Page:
Bitcoin might better be called the antigravity currency because lately it’s been moving in one direction only – up, up and way up. Year to date its value has increased 1,600 per cent to around US$16,000. Nearly US$3,000 of that on a single surge just last week.
Everyone agrees that Bitcoin’s soaring valuations are being fuelled by a speculative frenzy. Stories abound of people emptying their bank accounts and putting all of their available cash into the cryptocurrency in the hopes of getting rich quick.
On the flip side, the Bitcoin bubble could burst anytime, rendering the digital money worthless overnight. History has many examples of currencies that have failed and been relegated to the dustbin, usually because of run on their value in the other direction: down, with a devastating inflationary effect. The Weimar Republic’s disastrous monetary policy and resulting hyperinflation following The Great War reached a crescendo in 1923 when a single U.S. dollar traded for 4.2 trillion German marks. You would need a wheelbarrow of mark notes to pay for a single pint of Hacker-Pschorr at a Hamburg beer hall. Never mind purchasing a Mercedes-Benz or Porsche 911 Turbo. The situation was remedied by the issuance of a new currency, the Rentenmark, backed by bonds indexed to the price of gold.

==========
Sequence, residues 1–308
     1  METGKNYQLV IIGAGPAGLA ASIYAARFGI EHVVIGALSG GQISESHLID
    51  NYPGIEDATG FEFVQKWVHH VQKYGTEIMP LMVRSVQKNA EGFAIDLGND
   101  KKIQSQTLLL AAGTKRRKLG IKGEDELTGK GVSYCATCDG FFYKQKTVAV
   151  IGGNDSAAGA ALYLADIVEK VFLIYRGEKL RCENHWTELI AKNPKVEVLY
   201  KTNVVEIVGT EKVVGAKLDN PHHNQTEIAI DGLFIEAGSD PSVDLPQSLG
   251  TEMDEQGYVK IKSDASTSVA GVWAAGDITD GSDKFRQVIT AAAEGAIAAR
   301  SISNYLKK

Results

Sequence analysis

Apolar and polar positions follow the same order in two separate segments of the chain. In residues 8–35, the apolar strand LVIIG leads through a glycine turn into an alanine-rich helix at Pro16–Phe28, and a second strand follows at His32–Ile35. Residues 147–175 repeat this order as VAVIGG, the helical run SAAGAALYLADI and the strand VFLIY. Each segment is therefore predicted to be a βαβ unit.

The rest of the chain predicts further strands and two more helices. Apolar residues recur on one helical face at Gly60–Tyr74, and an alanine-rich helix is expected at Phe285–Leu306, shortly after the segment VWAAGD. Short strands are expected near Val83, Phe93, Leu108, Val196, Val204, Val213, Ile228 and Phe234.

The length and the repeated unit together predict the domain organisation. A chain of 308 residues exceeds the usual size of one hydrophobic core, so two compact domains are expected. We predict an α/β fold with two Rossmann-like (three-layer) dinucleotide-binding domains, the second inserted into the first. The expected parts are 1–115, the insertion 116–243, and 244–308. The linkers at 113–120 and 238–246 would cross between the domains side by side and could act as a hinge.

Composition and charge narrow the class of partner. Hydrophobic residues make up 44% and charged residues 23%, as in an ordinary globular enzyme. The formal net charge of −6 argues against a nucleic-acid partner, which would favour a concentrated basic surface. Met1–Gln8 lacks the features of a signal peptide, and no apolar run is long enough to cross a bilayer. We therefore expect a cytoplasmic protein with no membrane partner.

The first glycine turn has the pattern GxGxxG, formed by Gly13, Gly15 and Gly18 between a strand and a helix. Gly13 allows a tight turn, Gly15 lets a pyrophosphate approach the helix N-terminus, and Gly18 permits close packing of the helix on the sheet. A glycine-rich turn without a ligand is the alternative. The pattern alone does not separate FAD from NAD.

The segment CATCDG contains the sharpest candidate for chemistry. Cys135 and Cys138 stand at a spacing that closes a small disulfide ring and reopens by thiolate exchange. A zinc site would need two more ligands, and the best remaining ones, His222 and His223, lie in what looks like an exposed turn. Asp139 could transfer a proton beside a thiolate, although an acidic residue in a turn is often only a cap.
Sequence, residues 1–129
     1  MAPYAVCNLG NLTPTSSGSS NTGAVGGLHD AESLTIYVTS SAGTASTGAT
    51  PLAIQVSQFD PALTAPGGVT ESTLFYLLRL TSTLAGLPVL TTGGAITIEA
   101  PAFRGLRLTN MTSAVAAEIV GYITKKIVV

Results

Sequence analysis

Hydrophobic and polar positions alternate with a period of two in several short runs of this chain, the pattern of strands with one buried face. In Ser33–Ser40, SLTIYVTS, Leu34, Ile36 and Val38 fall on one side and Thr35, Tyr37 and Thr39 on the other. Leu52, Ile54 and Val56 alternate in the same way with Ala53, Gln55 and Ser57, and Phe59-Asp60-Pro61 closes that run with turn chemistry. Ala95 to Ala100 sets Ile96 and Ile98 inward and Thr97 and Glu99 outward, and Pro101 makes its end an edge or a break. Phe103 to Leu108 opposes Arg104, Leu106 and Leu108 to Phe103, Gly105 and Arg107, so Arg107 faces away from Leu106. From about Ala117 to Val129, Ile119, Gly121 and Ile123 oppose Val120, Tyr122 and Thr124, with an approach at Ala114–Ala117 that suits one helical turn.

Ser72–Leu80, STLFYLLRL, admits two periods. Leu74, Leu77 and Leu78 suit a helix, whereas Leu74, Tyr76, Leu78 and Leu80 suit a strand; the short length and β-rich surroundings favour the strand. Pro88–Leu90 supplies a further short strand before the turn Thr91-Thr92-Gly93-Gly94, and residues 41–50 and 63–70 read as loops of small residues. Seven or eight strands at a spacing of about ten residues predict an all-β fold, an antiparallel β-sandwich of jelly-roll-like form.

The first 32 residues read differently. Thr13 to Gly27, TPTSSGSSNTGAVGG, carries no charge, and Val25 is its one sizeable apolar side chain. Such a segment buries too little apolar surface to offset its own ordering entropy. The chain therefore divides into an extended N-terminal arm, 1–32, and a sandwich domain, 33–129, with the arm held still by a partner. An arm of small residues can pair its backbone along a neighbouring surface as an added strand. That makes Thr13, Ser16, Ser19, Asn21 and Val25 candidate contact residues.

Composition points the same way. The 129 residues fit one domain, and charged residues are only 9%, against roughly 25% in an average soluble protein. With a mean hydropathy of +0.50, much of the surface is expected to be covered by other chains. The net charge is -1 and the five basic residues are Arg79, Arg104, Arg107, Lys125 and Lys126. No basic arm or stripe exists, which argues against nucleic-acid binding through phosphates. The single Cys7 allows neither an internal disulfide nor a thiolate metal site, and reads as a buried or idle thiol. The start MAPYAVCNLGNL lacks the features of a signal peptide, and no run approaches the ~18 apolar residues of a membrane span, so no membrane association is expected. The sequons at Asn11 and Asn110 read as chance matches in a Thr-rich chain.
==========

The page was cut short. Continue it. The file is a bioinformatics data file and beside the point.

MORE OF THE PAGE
A similar situation in Zimbabwe just a decade ago meant that a can of Coke that cost ZIM$50 billion in the morning cost ZIM$150 billion that same night. That situation was finally stabilized when Zimbabwe adopted the U.S. dollar as its official currency, then switched to mobile wallets stored on a cellular phone.
WATCH: Russell Oliver—aka the Cash Man—explains cryptocurrency
From an investment and personal finance point of view, Bitcoin is risky. There are however ways to mitigate that risk by investing in companies such as Shopify (SHOP.TSE), PayPal (PYPL.NASDAQ) and Intuit (INTU.NASDAQ), who have exposure to Bitcoin but won’t be ruined if the cryptocurrency fails. To be clear, MoneySense did that piece not so much to encourage investors to grab some indirect exposure to Bitcoin, but to make them aware of how their stock investments may already be being affected by the mania.
We don’t advise playing this mania. But we also know that readers want to understand why it’s happening and how that market is evolving, if only to sound authoritative at your next dinner party. To that end, here are 10 things you need to know.
1. How do I buy it?
Go to a high volume Bitcoin exchange like Coinbase or Vancouver’s QuadrigaCX and sign up for a free account. (U.S.-based Coinbase, the world’s biggest Bitcoin exchange, is presently overwhelmed with demand with as many as 100,000 people per day signing up.) An account will give you a reasonably secure place to store your purchase and tools for converting your local currency in and out of Bitcoin. After you signed up, connect your Bitcoin and bank accounts. This will involve a few verification steps. Once that’s done you’re ready to go. Most exchanges charge a transaction fee of about one per cent. If you’re not comfortable linking your Bitcoin and bank accounts, you can also use a bank wire or credit/debit card to make a purchase. Bitcoin ATMs, often found on university campuses, accept only cash money. The advantage of ATMs is that there’s no waiting for the transaction to clear, compared to three to five business days online.
2. What if I want to mine bitcoins?